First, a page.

The idea that the price of oil is not ultimately connected to supply and demand but is controlled by the futures market instead is truly absurd. Prices fell because of 1) an oversupply of oil and 2) A decline in demand caused by a deepening recession in many parts of the world. Number 2 was likely the primary cause of the decline. The price of oil did not fall because of a glut of sellers in the futures market.

          • SRSrocco says:

            I have to agree with Ron on the SUPPLY vs DEMAND forces in determining price. However, I believe (AS STATED IN MY LINKED ARTICLE ABOVE), the U.S. sanctions as well as the U.S. forced European sanctions on Russia, plus the breakdown of the Ukrainian economy, destroyed EXPECTED IEA DEMAND of 94 mbd by Q4 2014.

            Furthermore, the strong U.S. Dollar as a result of falling oil prices is destroying revenue from oil producing countries that also impacts economic activity negatively… slowing consumption.

            Again, the expected global oil demand was supposed to be 94 mbd as global production is 94.1 mbd. However the decline to 93.5 mbd in Q4 2014 caused a glut… which I believe was due to the U.S. Govt intervention in Ukraine and Russia.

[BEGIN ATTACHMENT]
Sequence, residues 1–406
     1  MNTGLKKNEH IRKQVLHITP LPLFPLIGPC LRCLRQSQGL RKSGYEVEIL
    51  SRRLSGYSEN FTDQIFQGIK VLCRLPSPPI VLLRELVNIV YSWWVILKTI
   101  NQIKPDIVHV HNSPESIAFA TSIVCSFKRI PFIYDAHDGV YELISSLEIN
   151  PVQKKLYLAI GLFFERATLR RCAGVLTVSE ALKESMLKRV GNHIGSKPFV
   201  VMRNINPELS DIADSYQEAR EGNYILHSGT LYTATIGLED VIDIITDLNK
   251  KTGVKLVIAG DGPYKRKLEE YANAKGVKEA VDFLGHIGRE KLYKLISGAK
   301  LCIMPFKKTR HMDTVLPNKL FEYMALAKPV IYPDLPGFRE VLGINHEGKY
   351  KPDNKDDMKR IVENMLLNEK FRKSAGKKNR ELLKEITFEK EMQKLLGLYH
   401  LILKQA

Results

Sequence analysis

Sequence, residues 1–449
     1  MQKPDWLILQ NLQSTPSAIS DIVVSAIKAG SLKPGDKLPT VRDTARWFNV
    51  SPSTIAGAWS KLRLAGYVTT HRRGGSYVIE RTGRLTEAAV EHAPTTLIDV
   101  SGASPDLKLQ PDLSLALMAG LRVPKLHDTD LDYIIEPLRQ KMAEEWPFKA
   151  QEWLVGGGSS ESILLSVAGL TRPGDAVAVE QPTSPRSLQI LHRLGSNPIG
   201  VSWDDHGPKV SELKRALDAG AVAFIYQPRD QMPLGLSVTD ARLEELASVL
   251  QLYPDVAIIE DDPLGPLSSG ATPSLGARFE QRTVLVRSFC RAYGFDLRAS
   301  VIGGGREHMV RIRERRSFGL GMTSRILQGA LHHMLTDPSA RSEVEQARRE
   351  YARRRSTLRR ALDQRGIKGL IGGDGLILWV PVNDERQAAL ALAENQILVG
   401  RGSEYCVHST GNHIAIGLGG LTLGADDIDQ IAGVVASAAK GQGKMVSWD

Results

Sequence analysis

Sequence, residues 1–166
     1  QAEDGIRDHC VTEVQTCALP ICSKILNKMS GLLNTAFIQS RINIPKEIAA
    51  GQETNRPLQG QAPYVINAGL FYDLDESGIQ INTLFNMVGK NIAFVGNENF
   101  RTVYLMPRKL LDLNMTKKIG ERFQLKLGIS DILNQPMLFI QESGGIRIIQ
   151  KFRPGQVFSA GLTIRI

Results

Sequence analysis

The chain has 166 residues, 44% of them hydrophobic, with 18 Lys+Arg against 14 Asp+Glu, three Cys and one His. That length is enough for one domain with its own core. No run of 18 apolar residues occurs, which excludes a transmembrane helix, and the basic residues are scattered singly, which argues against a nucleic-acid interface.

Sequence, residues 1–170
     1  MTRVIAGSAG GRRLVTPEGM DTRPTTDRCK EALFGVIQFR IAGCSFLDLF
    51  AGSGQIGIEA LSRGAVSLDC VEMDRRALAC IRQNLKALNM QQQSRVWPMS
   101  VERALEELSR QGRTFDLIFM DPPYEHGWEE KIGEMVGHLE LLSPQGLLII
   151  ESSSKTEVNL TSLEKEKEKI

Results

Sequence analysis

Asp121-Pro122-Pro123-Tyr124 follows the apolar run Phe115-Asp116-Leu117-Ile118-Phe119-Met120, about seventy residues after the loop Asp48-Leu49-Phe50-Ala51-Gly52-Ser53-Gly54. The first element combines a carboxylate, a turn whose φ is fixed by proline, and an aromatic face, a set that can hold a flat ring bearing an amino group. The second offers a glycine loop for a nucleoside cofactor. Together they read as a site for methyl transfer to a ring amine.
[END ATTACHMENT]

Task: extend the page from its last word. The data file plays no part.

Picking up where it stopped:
I just listened to an interesting interview which stated that France, Germany, Ukraine and Russia heads of Govt are meeting in Kazakhstan this month to discuss dropping the European sanctions and working on a diplomatic solution to the current problem.

            Thus, we have Europe basically giving a MIDDLE FINGER to the U.S. Govt’s Hawkish Military policy against Russia.

            I believe the U.S. Govt and Economy experience some serious headwinds in 2015.


            • Keyser Soze says:


              Pease help me here:

              You wrote: “global production is 94.1 mbd.”

              However, Patterson has global oil production at about 77 mbd.

              We are talking over 20% difference.